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Thoracic surgeries

Editorial - Archives of Clinical and Experimental Surgery (2021)

Thoracic surgeries

Manjula S Patil Obstetrician, Laparoscopic Surgeon*
 
1Motherhood Clinic- Horamavu, Bangalore, India
 
*Corresponding Author:
Gynecologist. Manjula S Patil, Obstetrician, Laparoscopic Surgeon, Motherhood Clinic- Horamavu, India, Email: [email protected]

Published Date: Jun 30, 2021

Abstract

  

Thoracic surgery refers to operations on organs in the chest, including the heart, lungs and esophagus. Examples of thoracic surgery include arteria coronaria bypass surgery, heart transplant, lung transplant and removal of parts of the lung suffering from cancer. Specialized thoracic surgeons treat lung and esophageal cancer, while specialized cardiac surgeons treat the heart.

Thoracic surgery procedures could also be performed with either minimally invasive techniques or an open surgery called a thoracotomy. Your surgeon may opt for a thoracotomy when it is necessary to see large portions of the lung or inner chest cavity. The procedure may be performed to remove the entire lung or a portion of the lung.

Thoracic surgery, also known as chest surgery, may be used to diagnose or repair lungs affected by cancer, trauma or pulmonary disease. For lung cancer, your surgeon may remove nodules, tumors and lymph nodes to diagnose, stage and treat the disease.

A thoracotomy to treat carcinoma could also be performed using one among the subsequent procedures:

* Wedge resection removes the tumor and tissue surrounding the cancer.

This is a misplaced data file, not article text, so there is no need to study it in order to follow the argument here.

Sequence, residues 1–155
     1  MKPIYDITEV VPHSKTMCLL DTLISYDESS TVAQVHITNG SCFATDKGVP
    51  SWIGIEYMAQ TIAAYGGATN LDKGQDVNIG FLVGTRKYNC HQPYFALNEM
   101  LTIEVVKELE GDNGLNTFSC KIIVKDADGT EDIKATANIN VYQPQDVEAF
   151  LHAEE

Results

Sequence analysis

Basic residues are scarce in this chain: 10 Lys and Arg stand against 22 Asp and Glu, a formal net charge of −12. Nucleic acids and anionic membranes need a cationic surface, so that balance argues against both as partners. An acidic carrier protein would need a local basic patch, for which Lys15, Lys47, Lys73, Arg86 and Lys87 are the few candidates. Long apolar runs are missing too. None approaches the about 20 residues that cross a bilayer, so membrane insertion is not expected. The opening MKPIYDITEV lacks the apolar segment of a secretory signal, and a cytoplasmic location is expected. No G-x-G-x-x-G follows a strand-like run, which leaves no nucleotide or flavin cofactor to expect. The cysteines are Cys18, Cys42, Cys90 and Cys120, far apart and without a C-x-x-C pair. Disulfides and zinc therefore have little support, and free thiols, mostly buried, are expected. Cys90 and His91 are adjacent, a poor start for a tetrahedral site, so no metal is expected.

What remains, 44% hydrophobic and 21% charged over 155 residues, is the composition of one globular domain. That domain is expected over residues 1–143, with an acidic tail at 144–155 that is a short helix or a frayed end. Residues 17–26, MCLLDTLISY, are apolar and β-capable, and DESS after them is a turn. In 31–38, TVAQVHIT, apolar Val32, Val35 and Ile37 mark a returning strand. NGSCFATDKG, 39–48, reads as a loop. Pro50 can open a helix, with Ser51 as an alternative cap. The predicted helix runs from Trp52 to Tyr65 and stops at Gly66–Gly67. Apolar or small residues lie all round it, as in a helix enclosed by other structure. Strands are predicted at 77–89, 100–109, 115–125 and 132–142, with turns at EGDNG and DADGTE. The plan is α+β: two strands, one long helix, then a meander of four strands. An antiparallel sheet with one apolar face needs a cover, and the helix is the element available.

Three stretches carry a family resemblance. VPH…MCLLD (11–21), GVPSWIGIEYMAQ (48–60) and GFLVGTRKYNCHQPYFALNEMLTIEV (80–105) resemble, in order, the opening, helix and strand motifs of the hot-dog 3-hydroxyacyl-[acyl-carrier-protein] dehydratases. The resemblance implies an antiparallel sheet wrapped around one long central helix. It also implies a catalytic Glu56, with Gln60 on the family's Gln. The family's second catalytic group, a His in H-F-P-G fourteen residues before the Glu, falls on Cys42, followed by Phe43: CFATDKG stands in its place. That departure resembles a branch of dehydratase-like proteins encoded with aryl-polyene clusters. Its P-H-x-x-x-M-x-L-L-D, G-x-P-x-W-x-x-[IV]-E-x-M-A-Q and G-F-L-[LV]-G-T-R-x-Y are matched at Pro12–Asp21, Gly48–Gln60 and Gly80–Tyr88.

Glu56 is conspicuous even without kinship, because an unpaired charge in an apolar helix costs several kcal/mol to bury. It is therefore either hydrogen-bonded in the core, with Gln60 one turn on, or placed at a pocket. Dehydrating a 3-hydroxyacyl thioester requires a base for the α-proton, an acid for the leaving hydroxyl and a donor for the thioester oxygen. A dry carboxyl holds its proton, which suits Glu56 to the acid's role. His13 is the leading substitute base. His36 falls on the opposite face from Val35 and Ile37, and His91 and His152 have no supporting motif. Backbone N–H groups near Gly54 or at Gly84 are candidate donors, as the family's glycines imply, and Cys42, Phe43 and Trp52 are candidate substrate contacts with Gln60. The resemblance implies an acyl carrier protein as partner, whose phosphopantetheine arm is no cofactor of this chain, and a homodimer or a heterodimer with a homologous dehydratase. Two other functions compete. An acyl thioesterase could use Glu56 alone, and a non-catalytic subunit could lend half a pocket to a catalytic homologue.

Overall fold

* Anatomical segmental resection removes the tumor, the blood vessels, the lymphatic drainage and therefore the lung segment where the tumor is found .

* Lobectomy removes the entire lobe of the lung that has cancer, including the lymph nodes.

* Pneumonectomy removes the whole lung with the lymph nodes.

* Pleurectomy removes the inner lining of the thoracic cavity .

Thoracic surgery has existed as a selected surgical discipline for quite a century. Initially, its main focus was surgery for tuberculosis and bronchiectasis. However, since 1940, rapid progress has been made in surgery for carcinoma , of the oesophagus and, most spectacularly, of the guts . After 1960, cardiac surgery became a separate subspecialty with a stress on coronary bypass surgery surgery, valve surgery and congenital operation . In most European countries, general thoracic (noncardiac) surgery is now well demarcated and exists as a separate specialty.

However, the number of centres performing thoracic surgical interventions in Europe is unknown and a substantial number of thoracic surgical procedures are still performed outside dedicated thoracic surgical units. Consequently, no accurate figures on the total number of operations are currently available. As an example, thoracic surgery is not a specifically defined entity in Belgium, where it falls within the discipline of general surgery, together with abdominal, cardiac, vascular, paediatric and trauma surgery. Approximately 2000 pulmonary resections are performed annually in Belgium but only a minority of centres perform quite 50 major thoracic operations per annum . The other operations are spread widely over smaller centres performing less than 10 interventions yearly.

Thoracic surgery has changed profoundly within the 21st century. Multidisciplinary treatment is evolving and surgeons have major collaborative roles in management of carcinoma , respiratory infections, chest trauma, paediatric respiratory disorders and end-stage respiratory insufficiency. Recent developments in thoracic surgery have focused on reducing invasiveness, particularly through the utilization of video-assistance, and on parenchyma-saving techniques like sublobar resection. To further stimulate progress generally thoracic surgery and to enhance outcomes for patients, cooperation with respiratory physicians is of utmost importance.